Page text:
The Committee on Economic and Monetary Affairs has published a report on relationships between the EU and third countries on financial services regulation and supervision. The report calls for a Resolution requiring the Commission to review how current equivalence decision procedures work, to provide greater and clearer transparency, and says there is a clear move towards allowing something akin to passporting following decisions to allow Swiss venues to operate under MiFID.
The report notes that:
- since the financial crisis, there have been more than 40 new pieces of EU financial legislation, of which 15 include third country provisions;
- equivalence and passporting are fundamentally different concepts, and equivalence does not confer passporting rights;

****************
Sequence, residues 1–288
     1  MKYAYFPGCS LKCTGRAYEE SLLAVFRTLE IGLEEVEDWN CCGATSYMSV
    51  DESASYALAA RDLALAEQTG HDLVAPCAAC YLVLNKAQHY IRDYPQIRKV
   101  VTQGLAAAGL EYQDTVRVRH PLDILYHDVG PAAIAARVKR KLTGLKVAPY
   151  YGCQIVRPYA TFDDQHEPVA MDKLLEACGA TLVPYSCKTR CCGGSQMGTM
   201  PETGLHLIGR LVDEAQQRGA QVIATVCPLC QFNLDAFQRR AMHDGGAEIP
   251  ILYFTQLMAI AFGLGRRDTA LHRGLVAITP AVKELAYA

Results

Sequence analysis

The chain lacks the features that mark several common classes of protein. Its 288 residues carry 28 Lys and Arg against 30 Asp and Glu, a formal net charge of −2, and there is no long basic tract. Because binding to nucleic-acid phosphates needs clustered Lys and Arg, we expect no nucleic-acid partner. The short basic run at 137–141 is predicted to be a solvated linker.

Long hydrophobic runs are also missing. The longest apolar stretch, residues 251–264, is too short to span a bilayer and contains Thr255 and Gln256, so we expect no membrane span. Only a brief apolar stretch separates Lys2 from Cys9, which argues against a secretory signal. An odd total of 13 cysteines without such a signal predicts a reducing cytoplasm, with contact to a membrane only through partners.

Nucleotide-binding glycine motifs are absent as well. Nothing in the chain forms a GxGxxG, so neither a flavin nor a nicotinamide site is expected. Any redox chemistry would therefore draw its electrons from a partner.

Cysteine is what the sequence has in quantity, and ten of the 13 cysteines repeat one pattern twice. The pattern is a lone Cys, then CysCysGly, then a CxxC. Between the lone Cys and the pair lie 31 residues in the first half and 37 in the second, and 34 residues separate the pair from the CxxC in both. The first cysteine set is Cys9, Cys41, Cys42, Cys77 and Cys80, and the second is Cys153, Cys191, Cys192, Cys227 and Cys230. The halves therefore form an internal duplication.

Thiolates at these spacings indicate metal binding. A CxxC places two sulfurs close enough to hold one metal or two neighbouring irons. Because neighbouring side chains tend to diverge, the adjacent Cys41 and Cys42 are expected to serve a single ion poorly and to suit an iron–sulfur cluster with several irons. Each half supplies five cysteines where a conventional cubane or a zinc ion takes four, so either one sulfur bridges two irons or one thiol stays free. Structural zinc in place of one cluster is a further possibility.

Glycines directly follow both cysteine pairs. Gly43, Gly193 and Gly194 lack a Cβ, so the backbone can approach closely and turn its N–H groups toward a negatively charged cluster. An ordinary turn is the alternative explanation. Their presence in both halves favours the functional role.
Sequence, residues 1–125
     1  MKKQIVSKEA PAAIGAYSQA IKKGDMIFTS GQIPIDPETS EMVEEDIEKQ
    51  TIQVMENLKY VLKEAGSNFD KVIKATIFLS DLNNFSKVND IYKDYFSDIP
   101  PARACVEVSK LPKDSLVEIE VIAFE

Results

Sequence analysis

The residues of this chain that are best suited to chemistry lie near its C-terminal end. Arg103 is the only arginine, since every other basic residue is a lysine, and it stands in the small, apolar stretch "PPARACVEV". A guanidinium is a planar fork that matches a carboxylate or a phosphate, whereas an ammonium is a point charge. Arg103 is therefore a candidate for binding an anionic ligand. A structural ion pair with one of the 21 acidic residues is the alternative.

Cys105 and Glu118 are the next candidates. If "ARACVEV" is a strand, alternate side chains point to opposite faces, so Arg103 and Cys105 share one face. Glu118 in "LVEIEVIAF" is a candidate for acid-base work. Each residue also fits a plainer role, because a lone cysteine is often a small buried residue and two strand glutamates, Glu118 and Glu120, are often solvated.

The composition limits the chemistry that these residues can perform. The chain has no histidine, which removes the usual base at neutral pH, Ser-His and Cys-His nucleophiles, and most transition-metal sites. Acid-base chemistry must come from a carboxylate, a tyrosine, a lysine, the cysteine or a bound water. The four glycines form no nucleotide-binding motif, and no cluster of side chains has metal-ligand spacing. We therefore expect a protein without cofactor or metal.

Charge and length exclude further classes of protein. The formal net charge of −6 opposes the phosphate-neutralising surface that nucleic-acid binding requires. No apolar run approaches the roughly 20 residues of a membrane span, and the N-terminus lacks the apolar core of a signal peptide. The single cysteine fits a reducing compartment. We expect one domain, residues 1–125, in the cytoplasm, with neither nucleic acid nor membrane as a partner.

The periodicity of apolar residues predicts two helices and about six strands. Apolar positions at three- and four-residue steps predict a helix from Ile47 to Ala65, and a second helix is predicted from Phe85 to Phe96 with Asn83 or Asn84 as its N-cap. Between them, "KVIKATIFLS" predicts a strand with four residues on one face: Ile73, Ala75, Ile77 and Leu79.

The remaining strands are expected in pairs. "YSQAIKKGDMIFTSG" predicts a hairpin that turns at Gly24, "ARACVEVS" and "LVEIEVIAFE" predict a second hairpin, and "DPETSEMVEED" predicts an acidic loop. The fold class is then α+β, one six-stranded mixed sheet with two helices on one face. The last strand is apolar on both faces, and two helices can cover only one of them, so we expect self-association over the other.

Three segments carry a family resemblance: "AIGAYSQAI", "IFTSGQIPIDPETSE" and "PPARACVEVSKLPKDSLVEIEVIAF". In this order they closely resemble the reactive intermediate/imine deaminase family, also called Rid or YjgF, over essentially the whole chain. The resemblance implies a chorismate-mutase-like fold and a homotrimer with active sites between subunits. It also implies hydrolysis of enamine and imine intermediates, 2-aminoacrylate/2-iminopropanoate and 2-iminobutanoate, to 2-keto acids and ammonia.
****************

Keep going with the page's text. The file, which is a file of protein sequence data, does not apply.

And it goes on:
- no trade agreement involving the EU has ever incorporated cross-border mutual access for financial services;
- there is no single framework or consistency between equivalence provisions or how equivalence is decided, but that equivalence is supposed to be a fair tool that promotes international regulatory convergence. Decisions are based on the single rulebook and should be subject to greater Parliamentary scrutiny;
- the Commission describes equivalence as “a key instrument to effectively manage cross-border activity… with third country jurisdictions….”; and
- Brexit will potentially have a significant impact on financial regulation, and that the Commission and the ESAs must be prepared to protect financial stability if there is no agreed transition period.